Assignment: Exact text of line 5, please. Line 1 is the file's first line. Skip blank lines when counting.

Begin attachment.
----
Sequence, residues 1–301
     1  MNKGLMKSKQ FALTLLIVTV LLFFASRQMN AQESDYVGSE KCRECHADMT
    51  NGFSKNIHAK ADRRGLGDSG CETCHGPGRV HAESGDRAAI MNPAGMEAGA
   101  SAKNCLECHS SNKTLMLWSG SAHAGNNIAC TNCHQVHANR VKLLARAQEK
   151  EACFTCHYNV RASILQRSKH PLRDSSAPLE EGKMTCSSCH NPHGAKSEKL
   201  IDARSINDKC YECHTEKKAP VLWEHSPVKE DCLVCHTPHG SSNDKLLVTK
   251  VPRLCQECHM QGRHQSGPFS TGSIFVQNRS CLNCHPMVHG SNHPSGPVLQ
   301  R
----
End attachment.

   151  EACFTCHYNV RASILQRSKH PLRDSSAPLE EGKMTCSSCH NPHGAKSEKL